Flashes and floaters are part of a group of sensations, perceptions, or images of things that appear to be happening in front of the eye.
Though appearing as more or less opaque specks or threads moving around on the eye’s surface, floaters are actually inside the eye. Floaters are made up of various inner eye materials such as vitreous strands, white blood cell deposits, fluid pockets, and others. While attention–getting and mildly bothersome at first, floaters sometimes fade away and become less noticeable. While often harmless, the sudden onset of new, many, and larger–size floaters may indicate a serious condition and you should see your ophthalmologist immediately.
Flashes appear as sudden white streaks of light within the eye. Flashes, particularly if accompanied by a noticeable reduction in vision (often described as cloud–like or like a curtain), can be more serious and is sometimes associated with a retinal tear or pending retinal detachment.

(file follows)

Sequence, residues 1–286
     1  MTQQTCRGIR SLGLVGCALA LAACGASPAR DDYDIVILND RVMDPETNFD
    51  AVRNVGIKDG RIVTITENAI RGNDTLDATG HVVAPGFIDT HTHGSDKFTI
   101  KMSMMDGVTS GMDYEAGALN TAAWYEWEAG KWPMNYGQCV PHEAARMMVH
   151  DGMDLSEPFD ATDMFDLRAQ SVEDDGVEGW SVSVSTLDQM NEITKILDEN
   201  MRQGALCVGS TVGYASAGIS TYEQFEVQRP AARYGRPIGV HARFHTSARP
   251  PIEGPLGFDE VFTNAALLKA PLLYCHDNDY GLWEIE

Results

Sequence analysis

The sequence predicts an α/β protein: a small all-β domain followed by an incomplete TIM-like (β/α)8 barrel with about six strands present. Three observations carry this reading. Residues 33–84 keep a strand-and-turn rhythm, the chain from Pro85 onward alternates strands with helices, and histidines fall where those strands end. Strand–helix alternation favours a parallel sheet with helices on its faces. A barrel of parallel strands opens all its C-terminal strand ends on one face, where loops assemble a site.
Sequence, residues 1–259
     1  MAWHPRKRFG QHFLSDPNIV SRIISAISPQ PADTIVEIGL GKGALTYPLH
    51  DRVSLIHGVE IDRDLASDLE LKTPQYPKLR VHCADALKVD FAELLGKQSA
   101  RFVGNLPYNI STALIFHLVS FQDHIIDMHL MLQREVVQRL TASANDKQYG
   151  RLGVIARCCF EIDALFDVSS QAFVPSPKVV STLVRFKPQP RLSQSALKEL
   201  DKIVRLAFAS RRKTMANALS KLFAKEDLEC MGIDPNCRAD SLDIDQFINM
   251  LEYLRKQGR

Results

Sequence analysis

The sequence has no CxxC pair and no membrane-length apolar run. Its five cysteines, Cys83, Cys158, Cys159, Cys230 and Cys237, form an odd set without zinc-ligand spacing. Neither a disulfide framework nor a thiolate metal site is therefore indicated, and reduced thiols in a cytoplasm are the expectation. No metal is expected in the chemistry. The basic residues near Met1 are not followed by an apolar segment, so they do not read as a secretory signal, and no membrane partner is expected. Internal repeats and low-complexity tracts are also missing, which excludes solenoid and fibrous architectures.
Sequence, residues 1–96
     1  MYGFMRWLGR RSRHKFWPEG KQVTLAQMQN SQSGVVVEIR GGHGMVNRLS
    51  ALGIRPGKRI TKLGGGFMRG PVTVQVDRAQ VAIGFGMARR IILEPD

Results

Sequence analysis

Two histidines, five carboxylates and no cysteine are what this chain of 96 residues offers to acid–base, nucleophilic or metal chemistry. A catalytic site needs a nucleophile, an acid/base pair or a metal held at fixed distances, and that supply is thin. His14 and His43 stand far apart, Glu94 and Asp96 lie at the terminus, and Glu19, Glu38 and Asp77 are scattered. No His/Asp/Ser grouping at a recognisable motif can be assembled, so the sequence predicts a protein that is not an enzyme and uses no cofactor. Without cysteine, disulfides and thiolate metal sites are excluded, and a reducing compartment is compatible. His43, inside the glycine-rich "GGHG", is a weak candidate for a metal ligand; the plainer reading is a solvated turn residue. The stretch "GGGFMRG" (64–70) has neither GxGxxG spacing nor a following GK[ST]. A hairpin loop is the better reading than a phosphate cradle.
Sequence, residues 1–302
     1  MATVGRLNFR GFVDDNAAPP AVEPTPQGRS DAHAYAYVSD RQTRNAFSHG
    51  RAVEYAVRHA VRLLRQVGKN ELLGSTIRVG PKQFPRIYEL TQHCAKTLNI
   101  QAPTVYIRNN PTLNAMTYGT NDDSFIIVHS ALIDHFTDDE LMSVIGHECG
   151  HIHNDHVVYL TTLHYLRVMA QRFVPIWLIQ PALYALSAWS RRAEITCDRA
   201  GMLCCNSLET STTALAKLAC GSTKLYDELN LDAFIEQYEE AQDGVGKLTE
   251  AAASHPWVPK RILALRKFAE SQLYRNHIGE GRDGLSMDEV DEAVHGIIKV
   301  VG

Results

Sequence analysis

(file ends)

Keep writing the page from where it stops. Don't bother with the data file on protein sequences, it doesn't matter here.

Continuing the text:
Floaters and flashes can occur at any age, but are usually associated with older people. In general, floaters do not require any special treatment, unless they become particularly bothersome or a sudden onset or increase of new floaters or flashes occurs. If recommended, various treatment options are available to mitigate obstructions or repair torn retinal tissue.
Flashes and floaters can be more often a nuisance than an actual cause for alarm. However, as mentioned, the sudden onset of new, many, and larger–size floaters may indicate a serious condition and you should see your ophthalmologist immediately. Should a serious condition be developing, such as a tearing or detaching retina, a timely surgical repair can take care of the problem.
In general, floaters do not require treatment and usually diminish over time. Any treatment that is warranted is directed to the underling cause of the flashes or floaters.